The power of God’s Spirit is transmitted from leaders to followers, imposing great demands, but opening a life of mutual love.
The fifth Sunday of this Ordinary Time continues the sequential readings in the prophets, the apostle, and Luke’s narrative of Jesus turning toward Jerusalem.
II Kings 2:1-2, 6-14
The reading from the prophets is the story of the passing of the mantle from Elijah to Elisha. For the age of the kings, Elijah is as massive a founding figure as Moses is for the Sinai age. When Moses was taken by God (Deut. 34), all the provisions had been made for Israel’s life in the promised land, but the work of occupation was yet to be done. It was Joshua who was to complete the work (Deut. 31:14-15, 23). The same was true of Elijah. He had been the model of zeal for the Lord: he had defeated a mob of Baal prophets on Mount Carmel, he had received the new revelation on the holy mountain authorizing him to overthrow the royal houses of Damascus and Israel, and he had delivered the word of judgment on King Ahab and Queen Jezebel What was left undone at Elijah’s departure was to be finished by Elisha. Elijah was a new Moses for the northern kingdom and Elisha was his Joshua. (All this is in I Kings 18-19; 21; and II Kings 2; 8-10.) Both Moses and Elijah were taken away to God (in approximately the same geographical location), and both were taken away before the completion of their work.
The enigmatic but clever story of Elisha hanging on to Elijah to the last second shows that Elisha was worthy of Elijah’s mantle (which he actually picks up in verse 13). As the story is presented, Elijah, on his way to his rendezvous with God, keeps trying to put off Elisha, telling him there is no need for him to go further. But Elisha knows better. (Verses 3-5, omitted from the reading, present several speeches to Elisha by the local companies of prophets, who sound like the chorus of a Greek tragedy: he is leaving you, you know!)
Elisha hangs on, and is rewarded by being present when God’s fiery horses and chariot whisk Elijah to heaven in a whirlwind. At the last minute, Elisha had been wise enough to ask Elijah for a “double share” of Elijah’s spirit. (In inheritance law, the first-born son received twice as large a share as the rest of the sons, Deut. 21:17.) Receiving this prophetic spirit is the real mantle of the prophet. Elijah, for his part, was such a favored one of God that, like Enoch before him (Genesis 5:24) he was taken to God without seeing death.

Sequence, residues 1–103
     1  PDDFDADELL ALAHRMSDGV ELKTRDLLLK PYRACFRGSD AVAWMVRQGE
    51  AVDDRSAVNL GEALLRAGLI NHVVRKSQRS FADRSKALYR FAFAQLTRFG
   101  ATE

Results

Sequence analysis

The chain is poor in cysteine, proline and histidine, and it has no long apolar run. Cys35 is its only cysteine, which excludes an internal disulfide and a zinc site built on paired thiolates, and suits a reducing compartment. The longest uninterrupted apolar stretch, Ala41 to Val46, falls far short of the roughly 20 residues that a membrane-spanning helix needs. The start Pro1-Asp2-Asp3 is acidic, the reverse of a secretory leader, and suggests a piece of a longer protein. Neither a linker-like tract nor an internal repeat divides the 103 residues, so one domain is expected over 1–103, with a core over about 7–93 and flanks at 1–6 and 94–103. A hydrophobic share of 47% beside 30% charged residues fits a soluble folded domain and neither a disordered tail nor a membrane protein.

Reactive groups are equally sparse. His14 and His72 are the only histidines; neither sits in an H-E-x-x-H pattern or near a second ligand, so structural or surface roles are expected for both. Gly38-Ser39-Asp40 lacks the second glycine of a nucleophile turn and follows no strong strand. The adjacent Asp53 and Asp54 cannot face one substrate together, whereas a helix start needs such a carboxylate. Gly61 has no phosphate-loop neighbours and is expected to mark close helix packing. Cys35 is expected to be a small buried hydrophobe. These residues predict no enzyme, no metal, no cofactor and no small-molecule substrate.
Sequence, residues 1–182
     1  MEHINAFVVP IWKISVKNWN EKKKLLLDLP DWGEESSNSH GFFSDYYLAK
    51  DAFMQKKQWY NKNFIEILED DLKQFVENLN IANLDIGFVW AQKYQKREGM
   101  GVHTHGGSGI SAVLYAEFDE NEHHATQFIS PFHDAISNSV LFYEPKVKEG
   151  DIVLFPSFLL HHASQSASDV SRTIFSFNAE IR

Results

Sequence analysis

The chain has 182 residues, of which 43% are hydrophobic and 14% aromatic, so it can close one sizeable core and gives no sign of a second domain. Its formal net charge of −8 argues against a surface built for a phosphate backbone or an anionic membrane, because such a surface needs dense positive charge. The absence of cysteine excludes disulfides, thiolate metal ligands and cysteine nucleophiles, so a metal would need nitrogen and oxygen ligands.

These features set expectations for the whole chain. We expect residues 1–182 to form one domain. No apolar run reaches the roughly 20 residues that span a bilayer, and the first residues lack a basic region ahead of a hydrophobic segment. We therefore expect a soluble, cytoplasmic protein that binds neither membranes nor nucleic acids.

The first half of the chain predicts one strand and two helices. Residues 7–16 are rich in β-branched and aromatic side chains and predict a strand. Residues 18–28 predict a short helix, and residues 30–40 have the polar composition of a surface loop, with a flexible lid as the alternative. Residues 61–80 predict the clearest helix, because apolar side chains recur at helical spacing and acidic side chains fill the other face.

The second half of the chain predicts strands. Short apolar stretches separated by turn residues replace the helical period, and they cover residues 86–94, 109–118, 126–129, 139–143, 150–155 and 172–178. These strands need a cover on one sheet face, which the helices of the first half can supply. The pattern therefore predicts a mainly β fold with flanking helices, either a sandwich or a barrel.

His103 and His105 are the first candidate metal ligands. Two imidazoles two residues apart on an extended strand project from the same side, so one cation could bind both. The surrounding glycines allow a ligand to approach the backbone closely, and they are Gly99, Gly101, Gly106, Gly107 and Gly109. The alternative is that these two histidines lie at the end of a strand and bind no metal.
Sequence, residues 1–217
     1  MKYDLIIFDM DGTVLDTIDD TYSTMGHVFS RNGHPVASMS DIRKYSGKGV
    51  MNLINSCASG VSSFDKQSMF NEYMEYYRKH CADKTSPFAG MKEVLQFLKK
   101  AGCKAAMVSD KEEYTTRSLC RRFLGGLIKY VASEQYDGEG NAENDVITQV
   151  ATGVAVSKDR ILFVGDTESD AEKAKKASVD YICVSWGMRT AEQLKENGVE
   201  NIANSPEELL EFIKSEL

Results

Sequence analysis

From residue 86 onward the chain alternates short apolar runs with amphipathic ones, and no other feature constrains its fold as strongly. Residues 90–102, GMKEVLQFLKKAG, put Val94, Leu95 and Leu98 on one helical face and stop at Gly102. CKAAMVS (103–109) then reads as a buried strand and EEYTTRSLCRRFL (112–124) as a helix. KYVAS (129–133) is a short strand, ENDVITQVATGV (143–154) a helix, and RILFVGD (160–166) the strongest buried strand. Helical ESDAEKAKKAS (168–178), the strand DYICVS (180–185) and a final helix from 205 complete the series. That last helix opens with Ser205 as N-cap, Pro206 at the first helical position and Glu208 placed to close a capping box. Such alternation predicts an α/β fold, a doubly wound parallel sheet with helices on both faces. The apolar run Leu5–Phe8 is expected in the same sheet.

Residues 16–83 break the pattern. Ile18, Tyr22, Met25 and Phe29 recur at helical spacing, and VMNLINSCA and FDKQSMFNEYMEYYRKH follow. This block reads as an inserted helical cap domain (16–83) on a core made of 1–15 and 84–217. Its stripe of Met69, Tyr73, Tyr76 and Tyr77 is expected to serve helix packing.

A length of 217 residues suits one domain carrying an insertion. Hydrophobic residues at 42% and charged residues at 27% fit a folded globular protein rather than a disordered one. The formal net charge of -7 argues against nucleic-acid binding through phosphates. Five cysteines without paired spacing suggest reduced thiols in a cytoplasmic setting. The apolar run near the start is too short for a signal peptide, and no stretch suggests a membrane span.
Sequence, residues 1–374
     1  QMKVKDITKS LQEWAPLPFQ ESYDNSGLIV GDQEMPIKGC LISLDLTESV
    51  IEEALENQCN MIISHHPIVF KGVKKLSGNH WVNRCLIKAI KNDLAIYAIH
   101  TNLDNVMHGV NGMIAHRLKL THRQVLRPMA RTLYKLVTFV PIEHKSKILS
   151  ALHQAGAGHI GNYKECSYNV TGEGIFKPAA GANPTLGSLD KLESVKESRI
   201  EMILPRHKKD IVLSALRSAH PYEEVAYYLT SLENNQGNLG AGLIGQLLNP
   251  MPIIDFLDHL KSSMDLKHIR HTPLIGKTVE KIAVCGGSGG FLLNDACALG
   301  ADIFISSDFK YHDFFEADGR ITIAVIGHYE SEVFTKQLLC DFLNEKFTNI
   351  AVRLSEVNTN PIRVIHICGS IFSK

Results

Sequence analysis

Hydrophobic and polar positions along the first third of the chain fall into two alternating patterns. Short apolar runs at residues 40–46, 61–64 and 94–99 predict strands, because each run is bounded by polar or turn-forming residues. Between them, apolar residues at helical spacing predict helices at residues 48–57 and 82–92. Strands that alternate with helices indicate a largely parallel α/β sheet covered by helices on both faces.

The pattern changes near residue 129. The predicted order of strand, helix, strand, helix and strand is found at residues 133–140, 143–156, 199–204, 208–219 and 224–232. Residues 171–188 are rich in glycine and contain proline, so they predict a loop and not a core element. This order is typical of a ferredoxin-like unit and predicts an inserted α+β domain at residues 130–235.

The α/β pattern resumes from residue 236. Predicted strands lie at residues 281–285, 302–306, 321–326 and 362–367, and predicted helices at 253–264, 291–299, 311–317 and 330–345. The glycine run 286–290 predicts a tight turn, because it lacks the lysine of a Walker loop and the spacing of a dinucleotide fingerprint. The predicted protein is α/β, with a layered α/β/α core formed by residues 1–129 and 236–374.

Psalm 77:1-2, 11-20
The Psalm reading presents a speaker who is in trouble and cannot find comfort. As the psalm goes on the speaker resorts to reciting to God the mighty deeds of the past. An outflow of powerful liturgical poetry reminds God of the spectacular explosions with which the Storm God made the cosmos shudder in order to lead the redeemed people through the flood – as Moses and Aaron led out the people of Israel. The speaker yearns for a new redemption of that kind.
The psalm refers particularly to Jacob and Joseph (verse 15), ancestors especially of the northern Kingdom of Israel – Elijah and Elisha’s territory. Thus Elisha could be thought of as reciting such a psalm, after he had acquired Elijah’s mantle, during his long wait before he could initiate the divinely-sanctioned Revolution. During those years, while he was busy with the routine tasks of a miracle-working leader of “the sons of the prophets” (told about in II Kings 3-8), Elisha could have groaned with the suffering of Israel and consoled himself with such magnificent recitals of the world-changing deeds of God in the past as are given in this psalm.
Galatians 5:1, 13-25
While the prophetic reading dealt with the transmission of the prophetic spirit, in the Epistle reading Paul contrasts the old life under the law with the new life in the Spirit.
The Galatians have known the power of the Spirit – “Did you receive the Spirit by doing the works of the law or by believing what you heard?” (Galatians 3:2). What other Jewish-Christians are trying to persuade the Galatians to do is add the works of the law, beginning with circumcision, to make them fully-qualified Christians. Circumcision is a matter of the flesh, and Paul argues that to resort to such group-identifiers as circumcision (which divide people from each other) is to become slaves again to “the flesh.”